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At the outbreak of World War II, almost 40,000 Jewish people lived in the temporary capital of Lithuania, of whom fewer than 3,000 survived the Holocaust.

On 25 June 1941, Kaunas was occupied by the Nazis, which led immediately to the killing of Jewish people, most often initiated and carried out by Lithuanians. The same day that the Nazis entered the temporary capital, almost 800 people were killed during a pogrom in Vilijampolė. Two days later, around 50 Jewish people were beaten to death in a public execution which became known as the Lietūkis Garage Massacre. Killings also commenced in Kaunas Seventh Fort. It has been estimated that, even before the establishment of the Kovno Ghetto in Vilijampolė, around 10,000 Kaunas residents were killed.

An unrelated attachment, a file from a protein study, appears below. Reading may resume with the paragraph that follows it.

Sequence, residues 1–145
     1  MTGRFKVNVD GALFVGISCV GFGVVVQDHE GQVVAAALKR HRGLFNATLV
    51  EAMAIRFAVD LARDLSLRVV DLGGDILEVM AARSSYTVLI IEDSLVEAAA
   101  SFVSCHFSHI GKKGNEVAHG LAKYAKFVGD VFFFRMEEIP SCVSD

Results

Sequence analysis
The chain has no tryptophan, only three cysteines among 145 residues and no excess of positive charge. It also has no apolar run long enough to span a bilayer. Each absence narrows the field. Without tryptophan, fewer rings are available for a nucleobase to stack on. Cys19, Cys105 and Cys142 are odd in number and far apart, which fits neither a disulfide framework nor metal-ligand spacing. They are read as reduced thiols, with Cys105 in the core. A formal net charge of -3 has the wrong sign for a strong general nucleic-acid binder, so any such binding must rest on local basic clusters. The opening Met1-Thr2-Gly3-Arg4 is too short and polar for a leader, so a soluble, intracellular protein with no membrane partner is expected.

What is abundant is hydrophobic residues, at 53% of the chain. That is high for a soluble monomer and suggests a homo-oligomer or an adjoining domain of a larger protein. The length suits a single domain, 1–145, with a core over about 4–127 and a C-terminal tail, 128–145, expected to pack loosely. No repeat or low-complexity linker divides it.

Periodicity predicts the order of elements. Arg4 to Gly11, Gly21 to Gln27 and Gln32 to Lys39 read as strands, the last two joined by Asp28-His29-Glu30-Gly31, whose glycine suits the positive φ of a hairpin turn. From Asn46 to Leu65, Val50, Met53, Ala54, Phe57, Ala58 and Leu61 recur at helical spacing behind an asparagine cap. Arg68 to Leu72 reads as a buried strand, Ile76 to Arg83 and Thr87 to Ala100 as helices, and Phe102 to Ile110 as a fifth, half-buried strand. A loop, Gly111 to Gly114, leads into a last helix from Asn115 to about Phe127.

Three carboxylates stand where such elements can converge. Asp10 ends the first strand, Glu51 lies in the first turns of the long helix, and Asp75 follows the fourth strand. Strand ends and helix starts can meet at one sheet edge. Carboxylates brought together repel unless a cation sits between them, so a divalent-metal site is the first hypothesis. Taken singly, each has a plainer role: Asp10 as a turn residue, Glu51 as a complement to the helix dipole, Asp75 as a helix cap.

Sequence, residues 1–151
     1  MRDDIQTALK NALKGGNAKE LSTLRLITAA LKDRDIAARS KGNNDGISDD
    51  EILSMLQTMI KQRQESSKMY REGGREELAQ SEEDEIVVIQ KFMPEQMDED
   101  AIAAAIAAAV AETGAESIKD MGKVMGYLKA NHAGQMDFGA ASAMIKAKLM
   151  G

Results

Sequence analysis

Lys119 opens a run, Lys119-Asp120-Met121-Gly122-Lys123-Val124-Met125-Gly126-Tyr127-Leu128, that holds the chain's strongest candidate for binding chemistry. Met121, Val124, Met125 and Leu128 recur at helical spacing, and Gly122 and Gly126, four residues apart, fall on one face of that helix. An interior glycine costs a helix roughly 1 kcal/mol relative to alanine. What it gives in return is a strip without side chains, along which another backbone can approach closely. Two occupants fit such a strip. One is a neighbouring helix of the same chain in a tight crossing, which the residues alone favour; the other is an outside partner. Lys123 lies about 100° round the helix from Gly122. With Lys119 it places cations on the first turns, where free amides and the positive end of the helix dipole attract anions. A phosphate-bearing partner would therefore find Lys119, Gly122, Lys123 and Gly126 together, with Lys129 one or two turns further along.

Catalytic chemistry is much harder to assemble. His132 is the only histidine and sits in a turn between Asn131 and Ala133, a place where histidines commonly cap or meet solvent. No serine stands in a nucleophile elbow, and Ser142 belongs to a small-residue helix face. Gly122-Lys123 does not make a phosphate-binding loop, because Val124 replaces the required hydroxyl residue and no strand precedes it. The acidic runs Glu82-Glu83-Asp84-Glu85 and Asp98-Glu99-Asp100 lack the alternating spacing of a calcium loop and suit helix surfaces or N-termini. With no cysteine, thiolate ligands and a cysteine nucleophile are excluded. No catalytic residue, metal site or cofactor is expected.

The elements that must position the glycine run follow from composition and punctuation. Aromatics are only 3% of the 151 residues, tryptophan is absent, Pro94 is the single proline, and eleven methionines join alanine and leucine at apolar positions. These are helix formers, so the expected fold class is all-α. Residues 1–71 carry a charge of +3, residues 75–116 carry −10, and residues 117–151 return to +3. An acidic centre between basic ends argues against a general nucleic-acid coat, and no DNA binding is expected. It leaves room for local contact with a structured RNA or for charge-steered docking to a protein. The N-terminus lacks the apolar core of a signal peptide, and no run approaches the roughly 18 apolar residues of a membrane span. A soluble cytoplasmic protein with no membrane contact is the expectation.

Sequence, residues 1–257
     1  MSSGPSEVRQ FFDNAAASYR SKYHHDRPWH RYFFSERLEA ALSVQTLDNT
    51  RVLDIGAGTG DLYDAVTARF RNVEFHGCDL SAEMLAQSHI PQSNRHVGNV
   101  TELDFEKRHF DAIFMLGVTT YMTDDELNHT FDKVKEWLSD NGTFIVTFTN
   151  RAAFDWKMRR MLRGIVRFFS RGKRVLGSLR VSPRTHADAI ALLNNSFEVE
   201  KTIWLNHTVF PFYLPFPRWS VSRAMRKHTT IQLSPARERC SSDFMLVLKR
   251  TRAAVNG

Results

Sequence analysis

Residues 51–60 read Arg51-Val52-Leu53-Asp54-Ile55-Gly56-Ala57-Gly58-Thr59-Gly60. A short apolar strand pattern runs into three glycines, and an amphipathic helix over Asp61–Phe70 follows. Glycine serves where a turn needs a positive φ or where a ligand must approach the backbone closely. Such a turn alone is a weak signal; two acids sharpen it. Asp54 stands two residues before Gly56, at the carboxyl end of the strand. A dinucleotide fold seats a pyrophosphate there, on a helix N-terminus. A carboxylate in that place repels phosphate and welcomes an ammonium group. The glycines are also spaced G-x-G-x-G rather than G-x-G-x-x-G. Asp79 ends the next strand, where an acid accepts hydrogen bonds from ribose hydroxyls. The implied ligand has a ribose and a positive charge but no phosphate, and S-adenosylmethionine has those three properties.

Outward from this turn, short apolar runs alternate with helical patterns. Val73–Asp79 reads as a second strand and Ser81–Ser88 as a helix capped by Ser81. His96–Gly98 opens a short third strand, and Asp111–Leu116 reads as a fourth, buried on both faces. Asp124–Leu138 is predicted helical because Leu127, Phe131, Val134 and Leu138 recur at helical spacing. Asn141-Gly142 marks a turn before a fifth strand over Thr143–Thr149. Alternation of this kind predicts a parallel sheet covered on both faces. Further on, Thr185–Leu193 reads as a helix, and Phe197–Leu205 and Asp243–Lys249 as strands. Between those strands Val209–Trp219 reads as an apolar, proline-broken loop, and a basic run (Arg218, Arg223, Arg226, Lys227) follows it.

Once the Kovno Ghetto was established, it housed around 30,000 people at one time. The majority of these people were killed in Kaunas Ninth Fort during various extermination operations, while others were deported to concentration camps. Around 500 Jewish people escaped and joined the resistance fighters in nearby forests.

Stumbling Stones now commemorate nine former residents of Kaunas.